Texas Supreme Court, No. 12-1006 (June 6, 2014)
Justice Willett (opinion)
In a case arising before enactment of the ADA Amendments Act of 2008 (“ADAAA”), the Texas Supreme Court held that a firefighter who refused to fight fires was not regarded as disabled, because firefighting is not a major life activity and fear of entering a burning building is not a mental impairment.
Shayn Proler was a captain in the Houston fire department and leader of a fire suppression crew. But there was a problem: the City concluded Proler was scared to go into a burning building. In 2004, and again in 2006, the City received reports that Proler would not enter a burning building and was unable to perform his fire suppression duties. After the 2006 incident, Proler was reassigned to the firefighter training academy. Proler won an administrative grievance regarding the reassignment and was transferred back to fire suppression. The City appealed the administrative decision to the trial court; Proler counterclaimed for disability discrimination under state and federal law.
At trial, Proler did not argue that he was actually disabled, but instead argued the City had “regarded” him as being disabled. Under the pre-ADAAA statutes, the jury was correctly instructed that “disability” meant “being regarded as having a mental or physical impairment that substantially limits at least one major life activity.” The jury found the City had discriminated against Proler by assigning him to the training academy, but awarded no damages. The trial court, however, awarded Proler approximately $360,000 in attorneys’ fees and costs and enjoined the City from further discriminatory acts. The court of appeals affirmed.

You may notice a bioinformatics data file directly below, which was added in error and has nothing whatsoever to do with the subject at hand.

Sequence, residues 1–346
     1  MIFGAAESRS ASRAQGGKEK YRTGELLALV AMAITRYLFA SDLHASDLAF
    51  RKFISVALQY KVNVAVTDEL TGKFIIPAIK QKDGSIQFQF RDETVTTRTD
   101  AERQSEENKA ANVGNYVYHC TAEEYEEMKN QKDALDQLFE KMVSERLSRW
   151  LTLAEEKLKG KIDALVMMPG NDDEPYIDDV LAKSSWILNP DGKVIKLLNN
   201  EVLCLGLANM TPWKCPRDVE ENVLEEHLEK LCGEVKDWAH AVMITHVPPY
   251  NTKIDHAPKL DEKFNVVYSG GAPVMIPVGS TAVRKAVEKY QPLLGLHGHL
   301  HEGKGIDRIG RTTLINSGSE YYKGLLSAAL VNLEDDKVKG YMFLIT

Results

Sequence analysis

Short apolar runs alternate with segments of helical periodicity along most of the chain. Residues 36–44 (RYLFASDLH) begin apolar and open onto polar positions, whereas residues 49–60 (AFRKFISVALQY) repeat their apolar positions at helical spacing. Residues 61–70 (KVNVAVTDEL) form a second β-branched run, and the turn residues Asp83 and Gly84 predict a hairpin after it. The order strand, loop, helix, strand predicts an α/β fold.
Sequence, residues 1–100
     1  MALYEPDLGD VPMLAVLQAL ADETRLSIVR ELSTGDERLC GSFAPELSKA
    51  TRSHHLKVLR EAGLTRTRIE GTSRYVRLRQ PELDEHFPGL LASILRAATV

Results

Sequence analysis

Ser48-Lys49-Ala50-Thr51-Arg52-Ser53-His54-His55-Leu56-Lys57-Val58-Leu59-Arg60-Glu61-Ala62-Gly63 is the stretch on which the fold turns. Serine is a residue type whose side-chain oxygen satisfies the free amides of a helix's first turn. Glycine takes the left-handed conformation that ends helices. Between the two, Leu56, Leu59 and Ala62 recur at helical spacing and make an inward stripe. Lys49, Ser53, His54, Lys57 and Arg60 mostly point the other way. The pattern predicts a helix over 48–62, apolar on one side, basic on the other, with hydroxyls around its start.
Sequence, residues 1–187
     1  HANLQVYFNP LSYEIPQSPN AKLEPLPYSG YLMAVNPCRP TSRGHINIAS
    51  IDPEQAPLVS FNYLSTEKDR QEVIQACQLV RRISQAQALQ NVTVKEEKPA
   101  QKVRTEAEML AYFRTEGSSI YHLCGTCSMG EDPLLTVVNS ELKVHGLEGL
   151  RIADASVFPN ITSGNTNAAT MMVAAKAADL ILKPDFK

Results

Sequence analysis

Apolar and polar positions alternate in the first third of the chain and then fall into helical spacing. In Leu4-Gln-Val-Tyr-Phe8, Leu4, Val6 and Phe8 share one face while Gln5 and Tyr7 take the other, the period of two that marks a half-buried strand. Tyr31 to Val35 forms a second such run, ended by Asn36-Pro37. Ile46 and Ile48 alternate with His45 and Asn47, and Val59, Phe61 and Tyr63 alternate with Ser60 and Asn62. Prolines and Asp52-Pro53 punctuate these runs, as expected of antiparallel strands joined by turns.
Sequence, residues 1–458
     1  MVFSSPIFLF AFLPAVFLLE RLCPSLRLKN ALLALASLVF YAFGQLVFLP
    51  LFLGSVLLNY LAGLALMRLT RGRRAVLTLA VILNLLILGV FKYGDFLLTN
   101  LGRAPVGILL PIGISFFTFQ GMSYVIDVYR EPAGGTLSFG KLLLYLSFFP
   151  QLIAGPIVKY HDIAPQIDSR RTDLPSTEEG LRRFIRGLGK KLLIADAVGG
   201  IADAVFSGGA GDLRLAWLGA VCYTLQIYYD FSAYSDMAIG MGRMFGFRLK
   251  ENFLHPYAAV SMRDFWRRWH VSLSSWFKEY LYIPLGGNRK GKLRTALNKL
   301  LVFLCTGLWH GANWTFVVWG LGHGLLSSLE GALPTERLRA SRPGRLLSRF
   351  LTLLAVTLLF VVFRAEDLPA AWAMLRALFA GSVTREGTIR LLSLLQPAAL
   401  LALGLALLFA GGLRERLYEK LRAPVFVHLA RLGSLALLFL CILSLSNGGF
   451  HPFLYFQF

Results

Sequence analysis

The Texas Supreme Court reversed the court of appeals on the disability discrimination claim, reiterating that when determining disability, “the issue is whether Proler was unable to perform the variety of tasks central to most people’s daily lives [or ‘major life activities’], not whether he was unable to perform the tasks associated with his specific job.” To illustrate this point, the Court made the timely analogy that lacking the requisite basketball skills to play for the San Antonio Spurs does not mean a person is disabled. The Court then dismantled Proler’s claim that the City regarded him as having a disability, reasoning that: (1) fighting fires is not a “major life activity”; and (2) “reluctance to charge into a burning building is not a mental impairment at all; it is the normal human response.” In other words, the City had not regarded Proler as disabled; rather, it had perceived him as unable to perform his specific job requirements as captain of a fire suppression crew.
The Court’s decision was based on the law as it existed before the ADAAA. That Act dramatically expanded the scope of the “regarded as” prong of the definition of “disability” by eliminating the requirement that the impairment be perceived as substantially limiting a “major life activity.” Accordingly, the Court’s decision has limited applicability in future “regarded-as- disabled” cases. The Court’s analysis, however, is still instructive when assessing whether an employee is actually disabled under state or federal law, and shows that while we may all want to “Be Like Mike,” the truth is, very few of us are; but that doesn’t mean we’re disabled.